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Donald Trump, High Plains Drifter and the Politics of Obituaries: Towards a Political Economy of Reconstruction

The Broken Record

It shouldn’t be a secret that the Left is like a needle stuck in a broken record.  Right now the major narrative seems to be how terrible Trump is rather than how to effectively create alternatives to his forthcoming regime.  There is lots of remorse and depression, an occasional bashing of “identity politics” (among the more reflective), and fantasies about leaving the country. (For those who have already left, this is not really an option).  One response to crises of this sort is the “talking cure,” i.e. the idea that talking about a problem will solve it.  In this case, the talking cure is a kind of repression of the real, needed solutions.  The Left is very much still, regrettably and without remorse, addicted to deconstruction and piecemeal politics.  Trump thinks big and integrates issues in a dystopian fashion.  The Left tends to think very small and atomizes issues in a dystopian fashion.  The Left is unable to transform specialized issues attached to a certain social position or particularized form of oppression to a linkage with a larger system of power.  Sometimes this is done rhetorically, but rarely is the rhetoric materialized. In contrast, Trump always combines his specific transgressions with a larger actually existing power accumulation system.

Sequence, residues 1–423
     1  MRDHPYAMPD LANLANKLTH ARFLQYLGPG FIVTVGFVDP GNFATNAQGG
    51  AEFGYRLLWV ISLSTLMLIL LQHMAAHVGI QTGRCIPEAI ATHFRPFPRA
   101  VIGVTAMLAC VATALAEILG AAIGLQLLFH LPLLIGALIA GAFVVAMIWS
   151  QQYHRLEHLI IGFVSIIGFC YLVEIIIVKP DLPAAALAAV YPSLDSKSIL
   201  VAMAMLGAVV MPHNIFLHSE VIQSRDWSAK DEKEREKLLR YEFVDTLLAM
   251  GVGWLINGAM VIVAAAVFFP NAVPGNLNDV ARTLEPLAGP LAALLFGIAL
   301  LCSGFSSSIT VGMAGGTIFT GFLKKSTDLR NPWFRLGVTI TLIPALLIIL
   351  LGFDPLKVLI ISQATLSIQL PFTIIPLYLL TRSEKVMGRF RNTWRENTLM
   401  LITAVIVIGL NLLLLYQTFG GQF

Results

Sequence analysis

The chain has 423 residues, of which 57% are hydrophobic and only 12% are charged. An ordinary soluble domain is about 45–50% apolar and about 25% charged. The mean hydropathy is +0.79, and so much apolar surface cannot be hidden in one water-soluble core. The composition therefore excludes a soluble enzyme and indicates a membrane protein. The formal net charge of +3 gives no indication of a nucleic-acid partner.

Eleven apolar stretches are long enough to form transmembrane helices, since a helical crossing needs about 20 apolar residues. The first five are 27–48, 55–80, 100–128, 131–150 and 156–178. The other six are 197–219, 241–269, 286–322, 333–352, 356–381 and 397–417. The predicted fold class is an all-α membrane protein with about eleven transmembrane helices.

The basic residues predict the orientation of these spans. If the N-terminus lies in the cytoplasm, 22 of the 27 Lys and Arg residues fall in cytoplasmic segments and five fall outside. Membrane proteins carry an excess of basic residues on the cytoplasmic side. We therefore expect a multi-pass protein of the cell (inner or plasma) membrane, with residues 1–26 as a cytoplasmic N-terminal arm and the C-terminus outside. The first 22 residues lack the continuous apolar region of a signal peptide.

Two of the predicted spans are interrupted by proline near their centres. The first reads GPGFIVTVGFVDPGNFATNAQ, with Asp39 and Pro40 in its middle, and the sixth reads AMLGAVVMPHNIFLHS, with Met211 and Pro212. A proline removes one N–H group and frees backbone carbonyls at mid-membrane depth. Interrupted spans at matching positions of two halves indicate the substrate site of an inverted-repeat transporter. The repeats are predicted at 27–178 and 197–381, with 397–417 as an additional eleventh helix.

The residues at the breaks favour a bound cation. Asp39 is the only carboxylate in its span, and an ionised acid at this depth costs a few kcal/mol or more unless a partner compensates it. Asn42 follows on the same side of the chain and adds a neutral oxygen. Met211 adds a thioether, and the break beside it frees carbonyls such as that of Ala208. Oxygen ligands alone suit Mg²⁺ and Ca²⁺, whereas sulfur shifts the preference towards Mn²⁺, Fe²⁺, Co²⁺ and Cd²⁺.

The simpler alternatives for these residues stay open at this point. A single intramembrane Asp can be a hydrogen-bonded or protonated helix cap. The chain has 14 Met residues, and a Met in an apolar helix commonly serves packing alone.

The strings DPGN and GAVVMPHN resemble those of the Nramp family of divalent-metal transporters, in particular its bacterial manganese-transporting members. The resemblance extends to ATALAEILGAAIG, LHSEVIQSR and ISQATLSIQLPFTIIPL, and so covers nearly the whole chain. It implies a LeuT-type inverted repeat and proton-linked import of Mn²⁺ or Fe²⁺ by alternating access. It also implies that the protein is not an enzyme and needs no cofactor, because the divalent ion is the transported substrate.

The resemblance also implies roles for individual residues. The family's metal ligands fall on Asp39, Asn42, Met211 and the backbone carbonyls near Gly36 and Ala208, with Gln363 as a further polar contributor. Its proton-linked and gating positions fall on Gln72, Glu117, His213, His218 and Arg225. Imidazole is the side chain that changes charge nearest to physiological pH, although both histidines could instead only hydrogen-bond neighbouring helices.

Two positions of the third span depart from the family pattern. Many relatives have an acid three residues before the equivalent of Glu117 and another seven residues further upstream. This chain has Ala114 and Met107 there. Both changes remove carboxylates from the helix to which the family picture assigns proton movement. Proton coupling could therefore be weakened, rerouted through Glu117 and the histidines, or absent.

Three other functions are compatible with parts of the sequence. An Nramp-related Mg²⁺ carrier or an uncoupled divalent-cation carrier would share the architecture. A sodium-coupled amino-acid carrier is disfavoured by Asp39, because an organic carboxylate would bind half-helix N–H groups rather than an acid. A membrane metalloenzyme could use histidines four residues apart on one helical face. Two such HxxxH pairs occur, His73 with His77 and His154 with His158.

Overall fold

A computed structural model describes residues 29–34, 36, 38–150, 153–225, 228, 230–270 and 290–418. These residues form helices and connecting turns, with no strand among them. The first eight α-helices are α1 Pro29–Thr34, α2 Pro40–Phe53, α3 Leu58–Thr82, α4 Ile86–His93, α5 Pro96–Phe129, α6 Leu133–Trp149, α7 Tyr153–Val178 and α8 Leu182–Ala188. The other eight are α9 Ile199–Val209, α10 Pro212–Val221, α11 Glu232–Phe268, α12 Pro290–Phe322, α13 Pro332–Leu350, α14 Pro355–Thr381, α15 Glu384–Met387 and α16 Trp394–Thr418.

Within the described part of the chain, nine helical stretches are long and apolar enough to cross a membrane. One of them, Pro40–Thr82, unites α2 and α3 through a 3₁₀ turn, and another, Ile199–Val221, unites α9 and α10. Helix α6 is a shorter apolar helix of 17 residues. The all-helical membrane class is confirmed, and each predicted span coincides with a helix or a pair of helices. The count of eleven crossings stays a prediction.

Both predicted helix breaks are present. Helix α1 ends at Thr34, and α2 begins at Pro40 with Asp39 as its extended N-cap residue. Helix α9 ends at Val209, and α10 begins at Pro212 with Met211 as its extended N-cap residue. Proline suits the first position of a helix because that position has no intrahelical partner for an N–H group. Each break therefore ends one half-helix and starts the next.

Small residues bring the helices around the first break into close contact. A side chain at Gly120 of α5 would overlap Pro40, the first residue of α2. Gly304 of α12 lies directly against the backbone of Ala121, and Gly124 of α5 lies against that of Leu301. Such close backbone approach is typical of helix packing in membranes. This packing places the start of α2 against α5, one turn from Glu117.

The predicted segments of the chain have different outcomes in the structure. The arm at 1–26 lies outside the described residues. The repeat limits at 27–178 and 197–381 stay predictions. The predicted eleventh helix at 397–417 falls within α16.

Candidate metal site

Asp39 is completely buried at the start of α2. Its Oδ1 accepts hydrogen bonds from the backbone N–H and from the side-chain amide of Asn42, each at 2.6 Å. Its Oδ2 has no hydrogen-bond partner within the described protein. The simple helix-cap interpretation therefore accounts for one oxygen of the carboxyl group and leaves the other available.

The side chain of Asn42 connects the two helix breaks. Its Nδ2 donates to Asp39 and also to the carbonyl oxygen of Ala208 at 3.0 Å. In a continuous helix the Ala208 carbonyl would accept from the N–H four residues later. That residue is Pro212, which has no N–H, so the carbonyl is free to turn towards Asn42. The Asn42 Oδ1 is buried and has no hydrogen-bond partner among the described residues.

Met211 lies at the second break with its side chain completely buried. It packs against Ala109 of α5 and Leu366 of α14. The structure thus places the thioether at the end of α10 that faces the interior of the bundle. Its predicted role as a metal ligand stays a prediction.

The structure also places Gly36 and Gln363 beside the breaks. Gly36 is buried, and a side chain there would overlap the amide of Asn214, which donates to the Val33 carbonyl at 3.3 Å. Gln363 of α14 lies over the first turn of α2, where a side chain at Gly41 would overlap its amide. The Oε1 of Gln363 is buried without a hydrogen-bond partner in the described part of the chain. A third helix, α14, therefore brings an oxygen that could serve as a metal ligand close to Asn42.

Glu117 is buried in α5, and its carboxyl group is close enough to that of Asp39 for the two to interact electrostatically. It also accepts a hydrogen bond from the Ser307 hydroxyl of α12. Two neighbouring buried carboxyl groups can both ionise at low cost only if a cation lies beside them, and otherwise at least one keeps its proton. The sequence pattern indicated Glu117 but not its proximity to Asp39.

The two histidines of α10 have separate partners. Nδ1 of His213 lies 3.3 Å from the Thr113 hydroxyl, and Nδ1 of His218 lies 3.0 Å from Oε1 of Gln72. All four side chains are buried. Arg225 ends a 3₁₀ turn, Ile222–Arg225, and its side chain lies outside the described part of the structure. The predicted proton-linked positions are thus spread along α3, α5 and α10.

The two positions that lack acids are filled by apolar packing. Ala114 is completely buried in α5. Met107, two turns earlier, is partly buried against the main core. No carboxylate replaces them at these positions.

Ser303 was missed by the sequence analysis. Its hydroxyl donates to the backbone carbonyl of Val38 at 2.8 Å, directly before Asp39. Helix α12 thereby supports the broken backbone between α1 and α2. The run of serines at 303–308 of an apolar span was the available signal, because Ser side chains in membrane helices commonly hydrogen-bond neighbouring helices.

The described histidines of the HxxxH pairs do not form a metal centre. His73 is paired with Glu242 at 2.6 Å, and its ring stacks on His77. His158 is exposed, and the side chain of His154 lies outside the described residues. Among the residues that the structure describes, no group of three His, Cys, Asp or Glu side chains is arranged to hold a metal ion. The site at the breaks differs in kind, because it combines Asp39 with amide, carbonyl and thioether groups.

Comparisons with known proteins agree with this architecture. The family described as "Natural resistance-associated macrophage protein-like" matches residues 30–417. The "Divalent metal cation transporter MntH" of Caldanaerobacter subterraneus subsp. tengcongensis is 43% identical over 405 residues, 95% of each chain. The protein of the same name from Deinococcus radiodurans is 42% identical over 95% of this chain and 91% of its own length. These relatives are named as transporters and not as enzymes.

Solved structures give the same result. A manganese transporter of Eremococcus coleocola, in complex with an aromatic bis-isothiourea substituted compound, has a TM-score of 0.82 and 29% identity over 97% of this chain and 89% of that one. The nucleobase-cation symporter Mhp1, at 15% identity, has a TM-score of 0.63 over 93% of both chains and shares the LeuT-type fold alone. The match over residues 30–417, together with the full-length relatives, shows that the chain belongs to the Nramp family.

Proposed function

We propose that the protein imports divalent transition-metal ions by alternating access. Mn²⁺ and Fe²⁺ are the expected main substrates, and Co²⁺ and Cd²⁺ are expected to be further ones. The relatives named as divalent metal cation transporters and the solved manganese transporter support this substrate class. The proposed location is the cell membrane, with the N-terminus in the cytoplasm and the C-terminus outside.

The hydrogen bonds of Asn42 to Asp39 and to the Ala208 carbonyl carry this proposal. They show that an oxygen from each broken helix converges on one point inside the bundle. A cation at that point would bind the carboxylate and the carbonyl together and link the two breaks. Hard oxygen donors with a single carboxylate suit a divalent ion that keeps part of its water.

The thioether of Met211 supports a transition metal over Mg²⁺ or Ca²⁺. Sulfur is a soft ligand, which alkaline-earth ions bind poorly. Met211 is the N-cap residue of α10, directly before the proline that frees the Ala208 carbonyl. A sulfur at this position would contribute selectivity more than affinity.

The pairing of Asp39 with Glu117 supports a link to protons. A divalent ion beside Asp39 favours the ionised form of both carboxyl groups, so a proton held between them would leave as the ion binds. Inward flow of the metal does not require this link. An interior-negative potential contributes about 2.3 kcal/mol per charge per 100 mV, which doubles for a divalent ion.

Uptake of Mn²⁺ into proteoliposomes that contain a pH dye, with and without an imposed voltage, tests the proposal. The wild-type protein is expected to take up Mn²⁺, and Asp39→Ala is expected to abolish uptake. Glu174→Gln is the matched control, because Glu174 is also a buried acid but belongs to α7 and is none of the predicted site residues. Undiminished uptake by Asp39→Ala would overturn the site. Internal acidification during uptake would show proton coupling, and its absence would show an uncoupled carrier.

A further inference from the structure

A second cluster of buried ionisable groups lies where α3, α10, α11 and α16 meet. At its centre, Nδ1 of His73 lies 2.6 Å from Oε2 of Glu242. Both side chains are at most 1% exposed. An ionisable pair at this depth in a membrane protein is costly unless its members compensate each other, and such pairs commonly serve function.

The Left as Little Dutch Boy and Petitioner of the State

Some who talk now about “fighting back” seemed to have learned zero from the failed effort to “fight back” against Ronald Reagan and the two George Bushes.  These efforts largely led nowhere other than Bill Clinton and Barrack Obama.  How do we know this?  We have a cycle in which Bushes and Trumps follow Clintons and Obamas.  The Left’s petitioning power strategy usually fails with the resulting vacuum filled by Democratic Party messiahs who turn out to be rather much like the Little Dutch Boy who puts his finger in the dike to save the day, only in this parable the Little Dutch Boy is also setting various houses and forests on fire.  The Reactionary Republican flood was averted, but the fires lead to soil erosion which potentially generates floods.   Yes, you say, “naughty Dutch Boy”—but why are so many dependent on him?